OMG, this roasted red pepper hummus recipe with tahini is so good! My picky toddler is gobbling up this hummus recipe for breakfast, need I say more?
The roasted red peppers are made from red bell peppers. The chickpeas in this recipe are made from scratch. It's all kinds of goodness going on here.
This roasted red pepper hummus recipe with tahini is what I call luxury hummus. Luxury hummus is the snobby version of the down and dirty base hummus recipe. The good news is that this hummus recipe is very easy and cheap!
If you would like an in-depth explanation of how to cook chickpeas, I've found this post to be very informative. It goes over everything you need to know to go from dried chickpeas to cooked chickpeas to storing chickpeas in the freezer. You can use frozen cooked chickpeas for this recipe (if you have some on hand). I go into more detail below for using frozen cooked chickpeas.
Why I Love This Roasted Red Pepper Hummus
I'm a big fan of making things from scratch, however, I also don't want to spend hours on end in the kitchen. I like using little hacks here and there to find ways to make great-tasting quality food but with less time. This roasted red pepper hummus recipe can be hacked using frozen cooked chickpeas and pre-made homemade tahini (or store-bought tahini).
From start to finish, I can make this roasted red pepper hummus in 20 minutes if I have canned or frozen cooked chickpeas on hand (the recipe card shows a longer time if you are starting with dried chickpeas).
Ingredients You'll Need:
- Chickpeas: We are going to start with dried chickpeas for this recipe. The chickpeas will need to be soaked at least 3 hours ahead of time.
- Tahini: You can make your own tahini or try Soom tahini on Amazon if you can't find tahini in the grocery store.
- Red bell peppers: You can also use sweet peppers for this recipe.
- Mashed garlic: Use fresh garlic for this recipe, and mash garlic and a little bit of salt with a mortar and pestle. Mashed garlic has a different flavor than chopped garlic.
- Fresh lemon juice: Squeeze the lemon juice fresh.
- Cumin: I use ground cumin for a lot of dishes. Make sure to check the expiration of your spices, so that they are not outdated.
- Salt: I'm a fan of pink Himalayan salt and sea salt.
You will also need:
- Stovetop pot
- Mesh strainer
- Lemon squeezer
- Mortar and pestle
- Food processor
How Do You Eat Hummus?
Eat this roasted red pepper hummus as a dip with:
- Fried pita chips
- Baked pita chips
- Air fryer pita chips
- Homemade pita bread
- Sliced cucumbers, carrots, or celery
- Tortilla chips
Tips and Tricks
- Soak the chickpeas: Dried chickpeas are dehydrated, and they need some time to swell. I found a sweet spot in maximum swelling at right around 3 hours. Soaking the chickpeas also results in faster cook time.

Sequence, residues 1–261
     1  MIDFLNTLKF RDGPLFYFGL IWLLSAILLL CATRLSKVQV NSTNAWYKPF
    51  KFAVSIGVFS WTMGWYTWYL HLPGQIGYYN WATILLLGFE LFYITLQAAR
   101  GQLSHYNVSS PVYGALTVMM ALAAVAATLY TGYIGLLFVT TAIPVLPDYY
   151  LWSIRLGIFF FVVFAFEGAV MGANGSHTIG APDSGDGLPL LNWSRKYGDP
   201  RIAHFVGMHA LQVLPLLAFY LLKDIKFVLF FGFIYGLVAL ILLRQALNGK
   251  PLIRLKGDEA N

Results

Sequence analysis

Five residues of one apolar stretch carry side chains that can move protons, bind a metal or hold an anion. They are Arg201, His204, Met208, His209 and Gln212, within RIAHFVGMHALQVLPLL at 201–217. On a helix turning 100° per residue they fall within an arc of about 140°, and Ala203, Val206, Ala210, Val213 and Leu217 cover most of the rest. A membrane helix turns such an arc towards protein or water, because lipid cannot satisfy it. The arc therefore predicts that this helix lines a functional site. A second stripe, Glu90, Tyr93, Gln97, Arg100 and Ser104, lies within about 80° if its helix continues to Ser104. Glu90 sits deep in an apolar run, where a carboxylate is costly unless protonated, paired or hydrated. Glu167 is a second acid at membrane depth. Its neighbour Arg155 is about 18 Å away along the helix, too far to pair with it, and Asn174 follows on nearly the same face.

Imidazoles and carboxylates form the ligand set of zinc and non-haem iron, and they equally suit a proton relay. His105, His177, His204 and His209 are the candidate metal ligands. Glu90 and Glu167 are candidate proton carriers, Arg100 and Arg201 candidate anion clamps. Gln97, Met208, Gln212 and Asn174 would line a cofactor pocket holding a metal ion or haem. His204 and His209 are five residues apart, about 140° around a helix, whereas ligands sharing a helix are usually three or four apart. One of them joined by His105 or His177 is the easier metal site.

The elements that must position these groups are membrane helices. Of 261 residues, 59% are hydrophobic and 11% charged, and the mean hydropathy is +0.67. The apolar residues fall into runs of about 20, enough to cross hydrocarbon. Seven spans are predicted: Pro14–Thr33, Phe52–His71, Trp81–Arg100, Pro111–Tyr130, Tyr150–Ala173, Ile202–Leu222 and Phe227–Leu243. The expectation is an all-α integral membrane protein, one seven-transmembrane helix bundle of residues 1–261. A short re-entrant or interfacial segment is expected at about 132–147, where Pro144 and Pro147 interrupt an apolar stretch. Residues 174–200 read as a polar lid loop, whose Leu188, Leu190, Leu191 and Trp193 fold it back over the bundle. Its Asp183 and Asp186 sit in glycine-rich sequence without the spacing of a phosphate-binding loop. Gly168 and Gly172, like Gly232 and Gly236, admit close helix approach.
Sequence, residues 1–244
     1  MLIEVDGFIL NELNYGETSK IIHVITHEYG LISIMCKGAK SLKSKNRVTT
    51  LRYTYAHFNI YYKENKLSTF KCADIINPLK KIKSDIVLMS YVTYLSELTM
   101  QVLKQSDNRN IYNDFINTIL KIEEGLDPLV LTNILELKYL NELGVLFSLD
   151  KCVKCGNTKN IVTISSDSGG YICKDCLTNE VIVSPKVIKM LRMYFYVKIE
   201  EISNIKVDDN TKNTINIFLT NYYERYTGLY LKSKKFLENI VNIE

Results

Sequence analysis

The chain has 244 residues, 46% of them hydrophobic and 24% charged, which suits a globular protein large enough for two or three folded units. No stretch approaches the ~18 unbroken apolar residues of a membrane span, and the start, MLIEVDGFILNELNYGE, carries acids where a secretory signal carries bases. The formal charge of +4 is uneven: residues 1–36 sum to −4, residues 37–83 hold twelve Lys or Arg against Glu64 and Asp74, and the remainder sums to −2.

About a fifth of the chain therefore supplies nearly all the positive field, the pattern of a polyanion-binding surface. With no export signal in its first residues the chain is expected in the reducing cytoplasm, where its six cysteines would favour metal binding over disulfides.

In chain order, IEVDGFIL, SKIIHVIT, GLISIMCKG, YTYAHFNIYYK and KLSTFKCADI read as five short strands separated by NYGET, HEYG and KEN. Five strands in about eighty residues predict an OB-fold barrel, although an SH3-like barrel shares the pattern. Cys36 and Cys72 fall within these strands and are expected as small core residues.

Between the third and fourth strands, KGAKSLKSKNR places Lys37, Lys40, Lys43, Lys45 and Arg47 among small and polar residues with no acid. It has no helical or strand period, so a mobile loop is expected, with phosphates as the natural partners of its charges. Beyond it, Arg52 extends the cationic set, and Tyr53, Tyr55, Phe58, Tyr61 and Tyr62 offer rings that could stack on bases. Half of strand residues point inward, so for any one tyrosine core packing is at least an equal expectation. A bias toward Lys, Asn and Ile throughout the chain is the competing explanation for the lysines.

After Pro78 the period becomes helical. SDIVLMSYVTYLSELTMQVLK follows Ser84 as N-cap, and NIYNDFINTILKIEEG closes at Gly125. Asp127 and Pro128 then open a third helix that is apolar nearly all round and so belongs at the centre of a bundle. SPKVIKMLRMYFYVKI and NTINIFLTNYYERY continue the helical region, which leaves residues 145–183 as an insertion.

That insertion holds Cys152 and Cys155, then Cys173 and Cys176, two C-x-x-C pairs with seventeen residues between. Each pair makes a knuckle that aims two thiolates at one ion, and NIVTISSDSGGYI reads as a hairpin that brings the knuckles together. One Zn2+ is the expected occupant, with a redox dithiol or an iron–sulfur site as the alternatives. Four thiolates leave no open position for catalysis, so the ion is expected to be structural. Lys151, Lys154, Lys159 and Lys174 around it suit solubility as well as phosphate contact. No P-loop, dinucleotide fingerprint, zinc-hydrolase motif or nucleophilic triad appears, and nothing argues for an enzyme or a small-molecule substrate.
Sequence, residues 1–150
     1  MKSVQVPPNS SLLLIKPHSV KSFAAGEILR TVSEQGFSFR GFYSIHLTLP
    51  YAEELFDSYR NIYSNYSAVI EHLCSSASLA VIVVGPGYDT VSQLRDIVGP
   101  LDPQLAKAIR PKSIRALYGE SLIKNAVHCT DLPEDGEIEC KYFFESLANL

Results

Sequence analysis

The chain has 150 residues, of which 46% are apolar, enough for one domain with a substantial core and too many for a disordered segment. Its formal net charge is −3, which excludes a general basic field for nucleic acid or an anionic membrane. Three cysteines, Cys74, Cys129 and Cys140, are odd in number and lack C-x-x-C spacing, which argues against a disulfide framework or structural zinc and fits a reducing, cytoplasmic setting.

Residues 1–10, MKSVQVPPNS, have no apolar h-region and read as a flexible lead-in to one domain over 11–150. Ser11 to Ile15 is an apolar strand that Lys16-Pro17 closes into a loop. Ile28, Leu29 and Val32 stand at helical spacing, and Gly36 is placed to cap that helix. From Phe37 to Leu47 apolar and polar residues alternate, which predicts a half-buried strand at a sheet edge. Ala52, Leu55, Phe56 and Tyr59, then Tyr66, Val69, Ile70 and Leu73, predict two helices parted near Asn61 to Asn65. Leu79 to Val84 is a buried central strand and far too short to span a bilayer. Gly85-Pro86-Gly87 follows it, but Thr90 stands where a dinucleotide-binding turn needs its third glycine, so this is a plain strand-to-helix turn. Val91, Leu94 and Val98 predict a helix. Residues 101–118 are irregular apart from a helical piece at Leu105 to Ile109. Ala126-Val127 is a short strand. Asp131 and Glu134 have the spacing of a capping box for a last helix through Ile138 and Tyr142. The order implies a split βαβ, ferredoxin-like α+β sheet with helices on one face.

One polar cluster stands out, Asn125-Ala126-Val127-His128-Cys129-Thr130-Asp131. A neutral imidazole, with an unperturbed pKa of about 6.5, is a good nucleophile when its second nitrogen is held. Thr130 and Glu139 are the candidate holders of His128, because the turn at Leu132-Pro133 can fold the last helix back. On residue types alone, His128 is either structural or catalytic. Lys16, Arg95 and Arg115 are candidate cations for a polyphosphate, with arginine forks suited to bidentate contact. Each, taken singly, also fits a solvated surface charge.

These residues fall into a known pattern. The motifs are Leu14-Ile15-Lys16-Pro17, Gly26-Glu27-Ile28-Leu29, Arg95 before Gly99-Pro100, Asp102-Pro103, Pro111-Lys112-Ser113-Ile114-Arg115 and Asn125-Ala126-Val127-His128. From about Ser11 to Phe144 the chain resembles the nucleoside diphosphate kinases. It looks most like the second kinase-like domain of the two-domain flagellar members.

- Use Fresh Red Peppers: It's really easy to roast red peppers, so I recommend roasting your own fresh red peppers. You can buy a jar of roasted red peppers if short on time.
- Tahini: You can make your own tahini sauce. It's very easy to do, and it's shelf-stable for several months. I use tahini in hummus, foul, and falafel just to name a few. Another option is buying tahini like Soom Tahini.
- Texture: This recipe uses a food processor and does not add any water. So this hummus will be thicker and denser. If you like thinner smoother hummus, you can make this in a Vitamix blender. Just add about ¼ cup of cold water to start out alternating between blending and adding water gradually until your desired texture is reached. Additionally, you can add more or less tahini to your hummus changing the level of creaminess it has.
- Mashed Garlic: I can't make hummus without fresh garlic. It's like the two words go together in my head. I prefer freshly mashed garlic, but you can use chopped garlic from a jar. Dried garlic flakes or ground garlic is not the same, but it will still produce hummus (like meh hummus). Mash garlic (and a little salt) with a mortar and pestle for the best results
- Freshly Squeezed Lemon: It's easy to juice up a lemon in no time. Fresh lemon juice is much better than the bottled lemon or lime juice.
Using Frozen Cooked Chickpeas for Hummus
This is really a favorite hack of mine. For every cup of dried chickpeas, you will need 3 cups of cooked chickpeas. Because the frozen chickpeas are already cooked, you will need to measure out 3 cups frozen for every 1 cup dried used in the recipe. So if you need 2 cups of dried chickpeas for this recipe, you will use 6 cups cooked frozen chickpeas.
Add the frozen chickpeas to a large pot of water. Boil on high for about 2 to 4 minutes or until the chickpeas have defrosted. Drain the chickpeas and carry on the recipe.
I usually store my frozen cooked chickpeas in small freezer-friendly Glad bags pre-measured out for 1 cup cooked. Then, I stack them in the freezer in layers. Super easy to freeze and defrost.
The magic ratio is for every 1 cup of dried chickpeas (prior to soaking) will yield 3 cups of cooked chickpeas.
This hummus recipe can be stored in the fridge for 4 days. I have never tried freezing this hummus recipe. If you do, let me know in the comments below!
What Are Some Other Middle Eastern Dips?
Have you tried baba ganoush? It's similar to hummus, but the base is made with roasted eggplant. It's so easy and delicious to make.
Another excellent Middle Eastern dip is labneh. Labneh is made from strained cow's yogurt similar in texture to Greek yogurt.